New Testament

Israel Research Trip, Post #4

Caesarea Maritima / Caesarea Palestina Intertestamental Period In the 3rd century BC the Persians gave the area to the Phoenicians who built a small anchorage here and named it Strato’s Tower. The site had been controlled by the Sidonians, but the Romans under Octavian (who later became Augustus Caesar and the first emperor of the Roman …

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The Synoptic Gospels’ Inerrancy: When Did Jesus Curse the Fig Tree?

This apparent contradiction of the timing of the events involved Jesus’ cleansing the Temple and cursing the fig tree. Matthew 21:12–19 reports that Jesus cursed the fig tree on the day following His cleansing of the Temple. However, Mark 11:12–24 appears to indicate that Jesus left Bethany (v. 12), cursed the fig tree for not …

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The Synoptic Gospels’ Inerrancy: What Did Peter Say?

The synoptic Gospels seem to put different words into Peter’s mouth when he makes his statement regarding the identity of Jesus. Compare the following: Matthew 16:16, “You are the Christ, the Son of the living God.” Mark 8:29, “You are the Christ.” Luke 9:20, “The Christ of God.” In our thinking the event was so …

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The Synoptic Gospels’ Inerrancy: How Many Walking Sticks?

In ancient Israel people often used the Persian reed (Arundo donax—a tall reed growing up to eighteen feet or more high; also known as giant cane) for a walking stick. Other uses for this reed included fishing rods, measuring rods, and musical pipes.[1] Some individuals may have chosen a wooden stick (a staff) for greater stability …

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The Synoptic Gospels’ Inerrancy: How Many People?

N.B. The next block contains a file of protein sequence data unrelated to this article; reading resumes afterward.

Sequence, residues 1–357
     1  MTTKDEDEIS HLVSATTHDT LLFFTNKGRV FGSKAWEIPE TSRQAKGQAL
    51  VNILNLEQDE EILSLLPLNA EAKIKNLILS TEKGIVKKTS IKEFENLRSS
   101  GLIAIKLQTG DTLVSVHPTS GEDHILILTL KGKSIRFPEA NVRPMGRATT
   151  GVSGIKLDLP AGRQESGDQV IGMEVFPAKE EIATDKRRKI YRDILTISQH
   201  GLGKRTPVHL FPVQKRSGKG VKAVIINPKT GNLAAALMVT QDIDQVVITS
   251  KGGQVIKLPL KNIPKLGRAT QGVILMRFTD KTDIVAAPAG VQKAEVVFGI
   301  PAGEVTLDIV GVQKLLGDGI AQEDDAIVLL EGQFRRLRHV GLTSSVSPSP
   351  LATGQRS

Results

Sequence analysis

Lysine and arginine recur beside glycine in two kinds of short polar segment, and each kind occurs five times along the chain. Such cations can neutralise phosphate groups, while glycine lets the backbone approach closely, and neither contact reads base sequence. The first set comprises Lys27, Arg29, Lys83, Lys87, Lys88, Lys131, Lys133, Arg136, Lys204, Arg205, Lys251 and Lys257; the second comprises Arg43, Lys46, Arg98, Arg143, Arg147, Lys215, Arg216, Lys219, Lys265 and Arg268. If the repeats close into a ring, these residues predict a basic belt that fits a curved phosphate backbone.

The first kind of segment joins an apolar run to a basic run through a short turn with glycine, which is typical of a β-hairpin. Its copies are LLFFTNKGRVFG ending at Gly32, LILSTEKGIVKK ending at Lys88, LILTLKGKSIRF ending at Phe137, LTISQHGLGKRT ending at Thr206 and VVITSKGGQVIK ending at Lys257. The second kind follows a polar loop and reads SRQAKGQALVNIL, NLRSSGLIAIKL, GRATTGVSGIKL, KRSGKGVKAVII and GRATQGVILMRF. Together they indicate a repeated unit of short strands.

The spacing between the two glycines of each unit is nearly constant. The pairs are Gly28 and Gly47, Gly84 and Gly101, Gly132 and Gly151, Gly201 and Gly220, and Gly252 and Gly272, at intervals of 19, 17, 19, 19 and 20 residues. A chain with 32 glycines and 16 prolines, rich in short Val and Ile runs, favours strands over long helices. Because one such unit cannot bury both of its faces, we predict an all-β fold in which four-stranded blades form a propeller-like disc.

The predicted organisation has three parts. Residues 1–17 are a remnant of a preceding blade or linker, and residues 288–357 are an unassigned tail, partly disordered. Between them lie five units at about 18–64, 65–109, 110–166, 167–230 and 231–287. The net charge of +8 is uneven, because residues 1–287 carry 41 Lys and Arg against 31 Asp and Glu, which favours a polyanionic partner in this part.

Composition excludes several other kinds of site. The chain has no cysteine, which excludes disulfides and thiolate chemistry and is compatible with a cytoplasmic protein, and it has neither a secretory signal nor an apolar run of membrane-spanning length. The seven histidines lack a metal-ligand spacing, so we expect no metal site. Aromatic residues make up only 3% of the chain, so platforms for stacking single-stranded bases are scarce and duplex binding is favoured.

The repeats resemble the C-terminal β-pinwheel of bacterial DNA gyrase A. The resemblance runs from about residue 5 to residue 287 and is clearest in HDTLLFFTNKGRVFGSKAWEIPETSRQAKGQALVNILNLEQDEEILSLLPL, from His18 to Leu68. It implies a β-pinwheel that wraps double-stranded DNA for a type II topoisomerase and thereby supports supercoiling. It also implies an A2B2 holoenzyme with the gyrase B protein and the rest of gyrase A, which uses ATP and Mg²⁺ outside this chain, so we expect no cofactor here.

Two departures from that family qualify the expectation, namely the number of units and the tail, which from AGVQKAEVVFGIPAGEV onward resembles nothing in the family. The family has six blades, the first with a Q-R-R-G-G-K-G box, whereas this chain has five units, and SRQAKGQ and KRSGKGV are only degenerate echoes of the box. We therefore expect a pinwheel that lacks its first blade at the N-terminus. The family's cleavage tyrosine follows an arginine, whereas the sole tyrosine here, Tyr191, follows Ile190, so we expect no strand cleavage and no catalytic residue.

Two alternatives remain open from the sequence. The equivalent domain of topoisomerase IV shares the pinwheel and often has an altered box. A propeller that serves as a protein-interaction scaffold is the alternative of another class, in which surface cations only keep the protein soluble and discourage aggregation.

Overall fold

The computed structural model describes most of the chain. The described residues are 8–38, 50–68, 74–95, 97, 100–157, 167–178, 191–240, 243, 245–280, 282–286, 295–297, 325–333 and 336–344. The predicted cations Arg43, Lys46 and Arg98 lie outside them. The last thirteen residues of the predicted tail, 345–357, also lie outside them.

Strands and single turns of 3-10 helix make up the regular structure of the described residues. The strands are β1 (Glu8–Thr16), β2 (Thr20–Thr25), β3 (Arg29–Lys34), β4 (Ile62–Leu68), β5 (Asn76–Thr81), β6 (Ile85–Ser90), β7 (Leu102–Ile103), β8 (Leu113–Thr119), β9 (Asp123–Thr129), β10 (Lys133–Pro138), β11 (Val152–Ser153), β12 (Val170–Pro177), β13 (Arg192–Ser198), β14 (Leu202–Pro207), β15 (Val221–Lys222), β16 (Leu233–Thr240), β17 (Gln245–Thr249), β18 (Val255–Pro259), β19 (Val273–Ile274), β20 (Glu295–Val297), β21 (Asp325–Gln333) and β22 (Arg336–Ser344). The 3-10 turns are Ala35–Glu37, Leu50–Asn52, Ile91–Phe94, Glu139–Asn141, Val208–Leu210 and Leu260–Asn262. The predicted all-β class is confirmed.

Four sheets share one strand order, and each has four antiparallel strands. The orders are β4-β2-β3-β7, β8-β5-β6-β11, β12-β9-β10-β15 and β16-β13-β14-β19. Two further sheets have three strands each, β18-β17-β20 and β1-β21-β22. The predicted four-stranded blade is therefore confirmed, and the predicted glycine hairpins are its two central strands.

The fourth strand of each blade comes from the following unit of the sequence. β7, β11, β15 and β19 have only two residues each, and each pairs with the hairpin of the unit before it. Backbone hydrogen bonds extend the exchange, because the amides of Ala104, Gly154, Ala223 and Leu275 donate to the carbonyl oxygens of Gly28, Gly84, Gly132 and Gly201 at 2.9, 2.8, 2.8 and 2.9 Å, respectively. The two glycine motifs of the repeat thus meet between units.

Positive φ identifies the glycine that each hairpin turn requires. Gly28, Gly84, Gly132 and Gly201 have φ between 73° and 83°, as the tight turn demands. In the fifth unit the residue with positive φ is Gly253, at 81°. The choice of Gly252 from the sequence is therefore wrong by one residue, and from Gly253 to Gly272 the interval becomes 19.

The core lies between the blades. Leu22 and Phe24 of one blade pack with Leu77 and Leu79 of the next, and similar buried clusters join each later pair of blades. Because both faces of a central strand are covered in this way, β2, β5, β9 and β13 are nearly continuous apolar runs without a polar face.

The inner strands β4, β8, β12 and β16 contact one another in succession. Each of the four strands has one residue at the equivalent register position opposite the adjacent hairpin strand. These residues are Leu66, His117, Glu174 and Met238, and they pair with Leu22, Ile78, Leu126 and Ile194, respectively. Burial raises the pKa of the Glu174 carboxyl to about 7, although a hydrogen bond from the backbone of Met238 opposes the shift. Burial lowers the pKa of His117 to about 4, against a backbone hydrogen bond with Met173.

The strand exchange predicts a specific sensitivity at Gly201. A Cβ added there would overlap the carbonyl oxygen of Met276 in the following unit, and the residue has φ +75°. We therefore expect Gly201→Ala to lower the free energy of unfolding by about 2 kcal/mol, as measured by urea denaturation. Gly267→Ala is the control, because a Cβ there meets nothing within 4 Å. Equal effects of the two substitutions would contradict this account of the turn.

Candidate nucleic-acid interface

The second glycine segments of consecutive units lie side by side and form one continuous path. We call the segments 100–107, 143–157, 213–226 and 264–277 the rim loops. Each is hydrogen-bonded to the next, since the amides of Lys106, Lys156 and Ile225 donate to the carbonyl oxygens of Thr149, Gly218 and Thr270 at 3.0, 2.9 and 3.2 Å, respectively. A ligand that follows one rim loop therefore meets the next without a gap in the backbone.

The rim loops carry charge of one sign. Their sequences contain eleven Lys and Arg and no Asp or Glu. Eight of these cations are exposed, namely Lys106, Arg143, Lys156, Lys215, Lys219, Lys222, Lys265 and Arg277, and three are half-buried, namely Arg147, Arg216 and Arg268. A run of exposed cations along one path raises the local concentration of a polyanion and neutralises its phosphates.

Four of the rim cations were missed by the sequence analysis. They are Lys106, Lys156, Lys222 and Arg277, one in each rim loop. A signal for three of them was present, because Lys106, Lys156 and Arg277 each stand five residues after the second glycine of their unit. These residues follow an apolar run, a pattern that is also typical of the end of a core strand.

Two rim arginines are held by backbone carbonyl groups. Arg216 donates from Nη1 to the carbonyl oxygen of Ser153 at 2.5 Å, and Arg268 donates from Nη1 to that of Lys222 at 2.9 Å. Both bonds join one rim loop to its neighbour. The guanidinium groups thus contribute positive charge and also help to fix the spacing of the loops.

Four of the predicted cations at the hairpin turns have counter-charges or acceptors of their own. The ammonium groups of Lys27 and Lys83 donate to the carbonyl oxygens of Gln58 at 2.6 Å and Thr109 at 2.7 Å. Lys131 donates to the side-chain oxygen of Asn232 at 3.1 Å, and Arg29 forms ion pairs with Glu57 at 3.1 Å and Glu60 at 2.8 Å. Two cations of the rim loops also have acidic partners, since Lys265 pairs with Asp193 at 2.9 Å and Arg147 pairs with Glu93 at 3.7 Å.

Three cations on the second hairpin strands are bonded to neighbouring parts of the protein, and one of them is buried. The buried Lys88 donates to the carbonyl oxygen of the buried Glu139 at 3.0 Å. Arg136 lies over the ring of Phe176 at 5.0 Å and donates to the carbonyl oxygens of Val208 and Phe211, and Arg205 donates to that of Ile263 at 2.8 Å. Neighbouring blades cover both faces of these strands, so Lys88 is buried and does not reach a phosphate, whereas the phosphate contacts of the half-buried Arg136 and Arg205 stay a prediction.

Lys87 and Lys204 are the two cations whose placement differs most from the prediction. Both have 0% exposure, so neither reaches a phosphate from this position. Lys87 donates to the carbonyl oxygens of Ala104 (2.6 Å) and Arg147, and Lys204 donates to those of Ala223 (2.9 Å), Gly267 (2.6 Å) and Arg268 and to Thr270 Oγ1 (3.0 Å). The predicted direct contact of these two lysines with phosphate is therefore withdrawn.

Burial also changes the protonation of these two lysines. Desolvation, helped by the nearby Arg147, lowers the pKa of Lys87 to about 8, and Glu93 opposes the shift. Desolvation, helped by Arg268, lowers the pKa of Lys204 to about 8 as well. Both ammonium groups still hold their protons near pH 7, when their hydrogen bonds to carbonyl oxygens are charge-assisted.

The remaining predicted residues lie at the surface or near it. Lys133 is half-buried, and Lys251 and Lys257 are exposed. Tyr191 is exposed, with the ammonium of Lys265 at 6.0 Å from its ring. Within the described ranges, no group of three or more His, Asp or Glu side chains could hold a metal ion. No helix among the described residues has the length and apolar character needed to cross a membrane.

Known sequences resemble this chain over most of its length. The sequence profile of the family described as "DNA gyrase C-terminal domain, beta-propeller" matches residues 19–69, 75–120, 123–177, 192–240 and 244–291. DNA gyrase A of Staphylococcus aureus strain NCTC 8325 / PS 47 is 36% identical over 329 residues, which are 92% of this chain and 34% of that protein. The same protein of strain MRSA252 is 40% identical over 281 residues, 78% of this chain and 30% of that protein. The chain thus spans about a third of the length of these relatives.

Let’s return to the synoptic Gospels’ reporting of the healing of the demon-possessed men (or man?) from Gadara (Matthew 8:28–34; Mark 5:1–20; Luke 8:26–39). We dealt with the apparent geographical contradiction in our first post. At least one more problem exists when we compare these passages. According to Matthew, two demon-possessed men approached Jesus. However, …

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The Synoptic Gospels’ Inerrancy: Translation Differences

Sometimes an apparent contradiction arises from a translation, not from the text in its original language. Matthew 16:13 in the King James Version (KJV) reads, “When Jesus came into the coasts of Caesarea Philippi, . . .” Mark 8:27 says, “And Jesus went out, and his disciples, into the towns of Caesarea Philippi: . . …

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The Synoptic Gospels’ Inerrancy: Geographical Realities

Four Gospels, four viewpoints—do they lead to inconsistency in their testimony concerning the words and deeds of Jesus Christ? Apart from all of their similarities, what should readers do when they find apparent contradictions? Are the Gospels fully trustworthy or in need of some sort of adjustment? Those who deny the inerrancy and authority of …

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Bible Expositor’s Handbook–New Testament

Dr. Greg Harris, Professor of Bible Exposition at The Master’s Seminary, has written and published a two-volume series on the exposition of the Bible. WordSearch Bible makes both volumes available at a special reduced rate for a short time. Both volumes are also available through Amazon: New Testament (the latest publication–click on the image above) …

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My Recommendations: Book of the Week, September 24

Photo Companion to the Bible: The Gospels Photo Companion to the Bible: The Gospels (DVD from BiblePlaces.com) offers its users more than 10,000 PowerPoint slides illustrating the four Gospels verse by verse. The photographs represent some of the collections of Dr. Todd Bolen, Dr. Steven Anderson, and Mr. A. D. Riddle. These slides are a priceless …

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